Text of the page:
2. complexity of path network,
3. building articulation,
4. complexity of spaces,
7. shade trees,
8. overhands/awnings/varied roof lines, and
9. physical components/conditions.
To give an example from the latter in further detail, Jaskiwicz describes "enclosure" as a principal that, “Measures the degree
to which the edges of the street are defined,” He focuses on two street types: the well-enclosed street, and the poorly enclosed Street. When a street is well enclosed, a motorist naturally feels a ‘narrowness’ that causes them to drive slower. Not only does the actual risk of accidents decrease but a pedestrian’s perceived sense of safety is significantly higher. On the contrary, poorly enclosed streets cause rapid driving speeds, higher risk of accidents, and hazardous situations for children at play, pedestrians, bicyclists, etc.
Jaskiwicz then devised an evaluation system that puts a quantitative grade on the pedestrian experience based on the nine categories. With one (1) being very poor, and five (5) being excellent, it is possible to establish an idea of what is working and what is not working at a given site. Not only is this a helpful indicator of the condition of a pedestrian area, but it can also help point out where improvements can be made.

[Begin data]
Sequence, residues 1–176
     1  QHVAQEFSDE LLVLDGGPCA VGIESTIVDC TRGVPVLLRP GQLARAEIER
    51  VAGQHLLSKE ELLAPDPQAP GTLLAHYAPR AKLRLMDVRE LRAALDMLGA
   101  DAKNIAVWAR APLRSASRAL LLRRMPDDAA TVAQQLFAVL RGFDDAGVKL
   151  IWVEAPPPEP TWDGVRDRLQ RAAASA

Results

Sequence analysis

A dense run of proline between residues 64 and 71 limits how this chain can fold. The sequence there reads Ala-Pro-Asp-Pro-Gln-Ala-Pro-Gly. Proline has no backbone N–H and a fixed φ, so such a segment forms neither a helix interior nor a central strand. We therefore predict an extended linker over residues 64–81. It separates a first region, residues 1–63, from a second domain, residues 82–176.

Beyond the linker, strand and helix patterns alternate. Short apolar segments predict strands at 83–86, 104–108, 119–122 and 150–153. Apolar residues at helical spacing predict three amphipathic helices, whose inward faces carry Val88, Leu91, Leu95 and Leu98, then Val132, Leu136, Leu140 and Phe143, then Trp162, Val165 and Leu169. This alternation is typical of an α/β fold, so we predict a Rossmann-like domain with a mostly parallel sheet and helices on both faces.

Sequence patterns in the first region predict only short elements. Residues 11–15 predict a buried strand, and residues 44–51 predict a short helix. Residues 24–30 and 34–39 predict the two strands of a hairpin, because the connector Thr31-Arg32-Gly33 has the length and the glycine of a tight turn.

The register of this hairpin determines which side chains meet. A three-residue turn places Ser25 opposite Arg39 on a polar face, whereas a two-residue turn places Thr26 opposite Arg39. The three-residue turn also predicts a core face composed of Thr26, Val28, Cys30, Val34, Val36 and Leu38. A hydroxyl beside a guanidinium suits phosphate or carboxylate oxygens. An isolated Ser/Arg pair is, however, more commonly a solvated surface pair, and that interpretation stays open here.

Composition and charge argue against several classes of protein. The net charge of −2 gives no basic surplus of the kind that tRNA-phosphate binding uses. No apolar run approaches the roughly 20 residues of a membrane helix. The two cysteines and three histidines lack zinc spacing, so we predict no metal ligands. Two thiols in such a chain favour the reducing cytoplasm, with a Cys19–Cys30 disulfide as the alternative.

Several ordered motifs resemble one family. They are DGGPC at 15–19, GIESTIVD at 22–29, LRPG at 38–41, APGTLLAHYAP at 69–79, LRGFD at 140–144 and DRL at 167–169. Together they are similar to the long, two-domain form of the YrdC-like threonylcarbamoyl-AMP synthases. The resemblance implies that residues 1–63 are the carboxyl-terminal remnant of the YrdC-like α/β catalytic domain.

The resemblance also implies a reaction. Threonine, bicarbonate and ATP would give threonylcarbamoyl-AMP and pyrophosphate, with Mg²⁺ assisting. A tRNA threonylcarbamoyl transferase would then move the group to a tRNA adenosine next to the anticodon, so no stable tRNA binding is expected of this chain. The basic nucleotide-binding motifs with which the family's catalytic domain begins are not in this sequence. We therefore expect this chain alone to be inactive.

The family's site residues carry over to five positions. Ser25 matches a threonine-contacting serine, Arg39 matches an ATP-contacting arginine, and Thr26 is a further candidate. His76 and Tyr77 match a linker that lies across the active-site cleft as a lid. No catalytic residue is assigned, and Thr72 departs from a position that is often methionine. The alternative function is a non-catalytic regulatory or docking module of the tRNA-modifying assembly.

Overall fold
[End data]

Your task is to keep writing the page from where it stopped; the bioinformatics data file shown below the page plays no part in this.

While in Barcelona, I will be using this system as a guide for site analysis. Each site will be graded based on the 9 categories by Jaskiewicz, as well as a 10th item that I added to the list. "Organization," of pedestrian, bicycle, and vehicular spaces is a crucial piece that affects pedestrian behavior, especially in Barcelona. A "5 -- Excellent" would mean that each mode of transportation has their own clearly defined spaces, while a "1 -- Very Poor," would be the opposite.
Once I have completed the evaluation for each site, it will be time to study the pedestrians to understand how their behavior may/ may not change in the different sites.
Let the analysis begin!
If you would like to take a look at the article by Frank Jaskiewicz, click on the button below!